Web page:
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Telematics technology is becoming more and more important to the trucking industry. And it could soon become the default standard for heavy trucks with hardware included, as discussed by panelists at the Technology and Maintenance Council of American Trucking Associations’ October event in Philadelphia. For this to happen, manufacturers will have to agree on a common data bus so that telematics providers can make sure their software functions in sync with all trucks.

Part of what is driving the move towards universal adoption is simply the usefulness of these systems. Telematics improves maintenance and repairs, fuel efficiency, security, road safety, communication, and navigation. The other aspect is the upcoming regulation that will require electronic logging of hours of service (HOS).

Once adoption approaches universality, other benefits will surface that can be applied to the entire industry. These benefits include the collection of data from every connected truck that can be pooled and used by manufacturers to design improved trucks with streamlined maintenance procedures, better suited to the actual way that truckers drive.

Standardization of basic hardware will not mean a standardization of service, however. In the future, as now, there will probably be many different telematics providers, each offering a somewhat different approach with features that can make the lives of both drivers and fleet managers easier.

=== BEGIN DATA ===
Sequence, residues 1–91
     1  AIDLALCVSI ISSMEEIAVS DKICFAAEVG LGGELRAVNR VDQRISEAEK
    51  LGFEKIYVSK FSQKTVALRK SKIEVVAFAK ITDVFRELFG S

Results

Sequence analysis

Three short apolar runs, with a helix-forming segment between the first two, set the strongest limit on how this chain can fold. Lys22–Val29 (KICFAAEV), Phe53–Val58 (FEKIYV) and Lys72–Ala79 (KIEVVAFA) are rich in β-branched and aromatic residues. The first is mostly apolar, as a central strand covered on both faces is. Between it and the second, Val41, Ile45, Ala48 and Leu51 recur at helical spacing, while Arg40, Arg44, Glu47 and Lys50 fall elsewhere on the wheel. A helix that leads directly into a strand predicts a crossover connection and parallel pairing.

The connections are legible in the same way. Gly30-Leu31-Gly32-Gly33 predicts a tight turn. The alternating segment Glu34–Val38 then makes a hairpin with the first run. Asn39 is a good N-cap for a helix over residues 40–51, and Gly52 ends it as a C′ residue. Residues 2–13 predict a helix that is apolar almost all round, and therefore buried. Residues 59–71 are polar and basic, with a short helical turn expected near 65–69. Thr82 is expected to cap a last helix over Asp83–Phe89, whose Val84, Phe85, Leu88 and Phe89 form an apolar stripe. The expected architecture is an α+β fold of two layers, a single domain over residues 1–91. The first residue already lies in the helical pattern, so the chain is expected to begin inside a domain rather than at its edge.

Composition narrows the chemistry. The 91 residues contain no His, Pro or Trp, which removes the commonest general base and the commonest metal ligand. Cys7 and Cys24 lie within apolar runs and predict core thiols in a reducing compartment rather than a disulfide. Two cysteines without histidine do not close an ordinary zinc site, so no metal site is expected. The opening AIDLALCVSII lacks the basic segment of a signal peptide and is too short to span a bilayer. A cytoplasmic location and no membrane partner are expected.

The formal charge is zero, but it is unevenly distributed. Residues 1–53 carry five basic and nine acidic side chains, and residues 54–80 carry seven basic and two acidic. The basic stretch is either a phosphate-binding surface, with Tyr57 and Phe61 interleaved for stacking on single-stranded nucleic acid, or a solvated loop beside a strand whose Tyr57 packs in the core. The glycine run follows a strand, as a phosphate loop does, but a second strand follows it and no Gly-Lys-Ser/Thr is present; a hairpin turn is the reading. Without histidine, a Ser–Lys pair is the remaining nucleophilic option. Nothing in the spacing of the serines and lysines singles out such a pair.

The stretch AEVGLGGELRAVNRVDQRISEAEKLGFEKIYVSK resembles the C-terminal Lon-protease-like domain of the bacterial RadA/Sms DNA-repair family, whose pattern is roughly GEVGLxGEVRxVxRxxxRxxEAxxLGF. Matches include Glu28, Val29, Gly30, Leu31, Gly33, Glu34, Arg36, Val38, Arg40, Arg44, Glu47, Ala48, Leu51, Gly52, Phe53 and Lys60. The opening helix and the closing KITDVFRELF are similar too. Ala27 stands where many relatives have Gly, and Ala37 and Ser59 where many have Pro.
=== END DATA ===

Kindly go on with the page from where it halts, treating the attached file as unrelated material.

As federal compliance fluctuates, a telematics system that includes an HOS solution can make record-keeping efficient and more reliable for drivers. No more getting dinged for non-compliance just because of a lost form. Two-way communication can take the guesswork out of handing unexpected situations on the road, such as bad weather or a major traffic jam. Turn by turn directions help drivers detour around construction efficiently instead of wasting time caught in traffic.

Meanwhile, GPS tracking and alerts let fleet managers keep track of all vehicles at all times, an especially important feature if a truck is stolen or damaged. Safety Analytics helps managers identify which drivers are practicing safe driving habits, and which drivers need additional training—thus increasing the fuel efficiency and safety of the entire fleet for substantial cost savings.

And of course, what is good for the driver is good for the carrier. Stress-free, high performing drivers tend to stay committed to their employer, helping reduce turnover and training costs of new drivers.

Telematics is proving to be important to not only a vehicle’s health and performance, but the well-being and efficiency of businesses as well.

*About the author- Kim Alexander is a member of Teletrac’s support team serving as the Major Account Manager for Ryder System Inc.

Sarah Barbod is a Content Marketing Specialist at Teletrac Navman.

As a contributor to the blog, Sarah brings multifunctional expertise to the Teletrac Navman marketing team. Her background covers translation, copywriting and teaching. Sarah earned her bachelor's degree in Linguistics and Spanish from UCLA and worked for UC Irvine and the Ministry of Education in Spain before joining the Teletrac Navman team.